It is impossible not to notice the unifying factor of all Indian antiquities, be it architectural or artistic: their intricacy, refinement, attention to detail and meticulous execution. They were commissioned by people with great aesthetic sense and accomplished by artists and artisans who valued excellence. Their creativity, imagination, great technical skill and dedication remains evident despite the passage of time and the ravages of history.

One recently rediscovered example of this heritage of excellence is the Sabz Burj, within whistling distance of the magnificent Humayun’s Tomb, a Unesco World Heritage site. That an emperor’s tomb would adhere to the highest standards of excellence is expected; but the Sabz Burj, a far more modestly sized edifice, now restored by the Aga Khan Trust for Culture, is equally exquisite. Whoever commissioned it believed that small can also be beautiful.

That the mausoleum was meant for someone who was not probably royal did not deter the architect, contractor or artists and craftsmen to skimp on the design, the materials, the construction or the quality of embellishment. And the superbly painted ceiling of the dome – enhanced with lapis lazuli and gold – stands as eloquent evidence of not only their workmanship but also their dedication. Their pride in their work is manifest even after centuries of neglect.

Indeed, Sabz Burj not only underlines the timelessness of artistic ideas but one section of it could probably challenge the very principle of copyrighting symbols and designs too! Its white, four petalled flowers with round black centres arranged in an intricate geometrical pattern look uncannily like Louis Vuitton’s Monogram motif. So, should this floral epiphany 600 years apart in India and France be reserved as any one company’s exclusive design?

The nine smuggled Indian antiquities that were repatriated this November to India from museums and collections in the US – all connected to the criminal activities of the then York-based Indian antique dealer Subhash Kapoor – also show that same devotion to excellence. Whether the works are from the Gupta, Pala or Chola period, spirited away abroad from UP, Bengal or from Tamil Nadu, every statue and stele displays that same high quality of craftsmanship.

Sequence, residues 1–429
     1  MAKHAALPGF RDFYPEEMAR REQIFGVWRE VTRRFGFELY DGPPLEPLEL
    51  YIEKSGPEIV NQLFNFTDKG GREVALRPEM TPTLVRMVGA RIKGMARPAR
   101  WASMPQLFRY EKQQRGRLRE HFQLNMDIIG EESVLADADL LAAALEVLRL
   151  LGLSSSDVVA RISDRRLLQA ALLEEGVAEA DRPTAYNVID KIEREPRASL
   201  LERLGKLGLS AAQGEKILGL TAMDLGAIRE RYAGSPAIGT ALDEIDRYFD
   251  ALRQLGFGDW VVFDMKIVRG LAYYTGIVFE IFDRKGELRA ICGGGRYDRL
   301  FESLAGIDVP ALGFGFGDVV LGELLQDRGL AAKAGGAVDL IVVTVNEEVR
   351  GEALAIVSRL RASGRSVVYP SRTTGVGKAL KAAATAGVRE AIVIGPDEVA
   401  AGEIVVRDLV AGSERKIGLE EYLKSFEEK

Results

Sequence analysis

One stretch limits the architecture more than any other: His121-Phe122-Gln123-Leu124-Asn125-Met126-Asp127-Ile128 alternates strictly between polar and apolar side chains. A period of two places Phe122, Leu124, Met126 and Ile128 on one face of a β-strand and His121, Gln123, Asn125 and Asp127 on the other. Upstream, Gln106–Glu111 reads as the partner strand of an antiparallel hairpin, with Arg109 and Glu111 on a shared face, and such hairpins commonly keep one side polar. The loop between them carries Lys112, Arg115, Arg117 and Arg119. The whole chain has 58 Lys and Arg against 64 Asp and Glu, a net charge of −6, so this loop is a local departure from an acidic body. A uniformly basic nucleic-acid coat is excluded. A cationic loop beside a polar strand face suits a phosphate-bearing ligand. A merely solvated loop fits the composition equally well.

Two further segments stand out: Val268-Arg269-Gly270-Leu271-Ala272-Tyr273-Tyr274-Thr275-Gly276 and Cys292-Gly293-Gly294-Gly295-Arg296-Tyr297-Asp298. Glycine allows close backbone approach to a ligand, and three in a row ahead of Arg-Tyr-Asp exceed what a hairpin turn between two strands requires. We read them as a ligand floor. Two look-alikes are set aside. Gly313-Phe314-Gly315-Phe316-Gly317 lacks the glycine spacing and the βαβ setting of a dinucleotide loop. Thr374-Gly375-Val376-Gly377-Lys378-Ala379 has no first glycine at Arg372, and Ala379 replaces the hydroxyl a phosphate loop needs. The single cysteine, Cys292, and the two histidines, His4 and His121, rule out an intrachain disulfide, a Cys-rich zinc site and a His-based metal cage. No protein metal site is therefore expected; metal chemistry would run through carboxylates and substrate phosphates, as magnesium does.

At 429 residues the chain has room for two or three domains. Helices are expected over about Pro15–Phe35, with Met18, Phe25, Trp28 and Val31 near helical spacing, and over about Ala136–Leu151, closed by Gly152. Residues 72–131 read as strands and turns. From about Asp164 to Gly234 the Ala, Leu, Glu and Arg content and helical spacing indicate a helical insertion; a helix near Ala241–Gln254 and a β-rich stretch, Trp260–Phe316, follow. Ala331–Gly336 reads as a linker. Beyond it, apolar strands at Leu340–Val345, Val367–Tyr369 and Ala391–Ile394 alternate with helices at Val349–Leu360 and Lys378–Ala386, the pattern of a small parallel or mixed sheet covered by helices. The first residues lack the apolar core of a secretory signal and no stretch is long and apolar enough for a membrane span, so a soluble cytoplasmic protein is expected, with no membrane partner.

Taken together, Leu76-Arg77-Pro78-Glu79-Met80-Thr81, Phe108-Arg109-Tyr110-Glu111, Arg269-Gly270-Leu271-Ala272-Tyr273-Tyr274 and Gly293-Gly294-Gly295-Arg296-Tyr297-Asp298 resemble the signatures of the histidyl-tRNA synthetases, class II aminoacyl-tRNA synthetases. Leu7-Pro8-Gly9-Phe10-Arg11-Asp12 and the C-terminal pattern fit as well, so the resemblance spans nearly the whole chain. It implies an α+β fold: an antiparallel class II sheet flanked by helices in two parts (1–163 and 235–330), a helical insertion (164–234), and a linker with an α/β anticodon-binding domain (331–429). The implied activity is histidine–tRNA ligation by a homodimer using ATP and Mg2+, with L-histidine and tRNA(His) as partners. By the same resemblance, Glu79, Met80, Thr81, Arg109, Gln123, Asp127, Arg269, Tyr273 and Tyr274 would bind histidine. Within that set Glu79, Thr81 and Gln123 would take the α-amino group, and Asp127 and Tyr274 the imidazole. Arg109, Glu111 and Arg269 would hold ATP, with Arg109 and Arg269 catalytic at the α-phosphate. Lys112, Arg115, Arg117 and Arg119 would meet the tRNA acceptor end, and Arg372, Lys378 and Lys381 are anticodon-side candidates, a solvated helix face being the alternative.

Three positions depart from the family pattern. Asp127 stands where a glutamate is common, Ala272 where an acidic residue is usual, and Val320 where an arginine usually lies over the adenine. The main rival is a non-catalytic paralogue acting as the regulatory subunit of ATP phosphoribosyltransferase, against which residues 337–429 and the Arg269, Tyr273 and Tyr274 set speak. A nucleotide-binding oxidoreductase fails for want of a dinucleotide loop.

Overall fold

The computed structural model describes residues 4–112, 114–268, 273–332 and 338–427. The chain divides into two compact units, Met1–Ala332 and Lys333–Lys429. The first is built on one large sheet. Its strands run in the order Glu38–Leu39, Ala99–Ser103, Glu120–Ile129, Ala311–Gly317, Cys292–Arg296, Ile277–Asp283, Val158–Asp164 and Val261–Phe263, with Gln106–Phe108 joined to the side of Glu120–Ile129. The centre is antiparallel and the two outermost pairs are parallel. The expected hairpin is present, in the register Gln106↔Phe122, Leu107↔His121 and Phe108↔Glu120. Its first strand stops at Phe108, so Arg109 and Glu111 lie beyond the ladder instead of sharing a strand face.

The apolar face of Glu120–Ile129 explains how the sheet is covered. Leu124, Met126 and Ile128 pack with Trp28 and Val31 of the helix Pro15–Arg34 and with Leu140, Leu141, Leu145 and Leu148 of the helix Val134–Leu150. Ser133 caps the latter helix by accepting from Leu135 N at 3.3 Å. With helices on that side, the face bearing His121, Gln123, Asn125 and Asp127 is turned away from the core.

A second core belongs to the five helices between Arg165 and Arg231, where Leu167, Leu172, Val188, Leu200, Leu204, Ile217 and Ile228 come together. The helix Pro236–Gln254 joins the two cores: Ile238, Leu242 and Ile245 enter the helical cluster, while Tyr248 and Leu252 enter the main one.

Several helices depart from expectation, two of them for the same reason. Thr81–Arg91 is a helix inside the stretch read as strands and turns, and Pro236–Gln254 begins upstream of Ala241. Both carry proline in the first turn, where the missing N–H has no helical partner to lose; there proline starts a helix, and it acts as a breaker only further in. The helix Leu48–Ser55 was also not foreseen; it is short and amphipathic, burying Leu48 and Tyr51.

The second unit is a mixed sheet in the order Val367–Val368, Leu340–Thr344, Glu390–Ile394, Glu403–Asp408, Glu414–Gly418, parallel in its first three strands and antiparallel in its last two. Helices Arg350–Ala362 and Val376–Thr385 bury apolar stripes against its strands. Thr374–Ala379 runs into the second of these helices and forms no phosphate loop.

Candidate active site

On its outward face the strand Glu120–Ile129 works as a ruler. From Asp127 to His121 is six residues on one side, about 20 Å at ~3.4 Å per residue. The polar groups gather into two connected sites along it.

This continuous culture of excellence should inspire its billion-plus legatees in India today to live up to those standards. But it clearly does not. Does anyone honestly think that creations – architectural or artistic – of our times (such as the work of some acclaimed modern architect or even your own generic apartment) will survive even till the next millennium, much less evoke the sort of admiration that the works of our ancestors do now?

At a more mundane level, why are our builders and craftsmen – carpenters, masons, plasterers, painters, plumbers – and other inheritors of our legacy so lackadaisical when it comes to excellence and attention to detail? Whether it is making a doorway straight or plastering a wall smoothly, aligning a bathroom floor correctly, the standards of acceptability vary wildly. Speed is valued over care and timeline over perfection, “show” over quality.

Once architecture and art(istry) went hand in hand, each enhancing the other down the millennia. Back then Indians conceptualised buildings -religious and secular – that provided space for artists and craftspeople to immortalise their skills. Today, there are artists – whose works often do not have a popular connect – and artisans or craftsmen, who execute work commissioned by those who see them as mere cogs in a wheel, not creative people.

We are to blame for this perceptible fall in respect today for such timeless, crucial skills, and attributes such as meticulousness. Our skilled artisans were so revered for their mastery back in the day that even bricklayers cared how they built walls and arches. Old walls reveal how perfectly each brick was laid; the same cannot be said for today’s walls once the plaster is removed. And that must be linked to a large extent to how masons are regarded by us these days.

Respect for skill begets respect for quality. Yet we appreciate the excellence of our ancestors without wondering why the value system that made them possible no longer exists. It is simply not enough to momentarily marvel at old structures like Sabz Burj and antiquities that have finally returned home. We Indians have to be conscious and proud of the legacy that they represent and find a way to ensure that it informs our own actions henceforth.


Views expressed above are the author's own.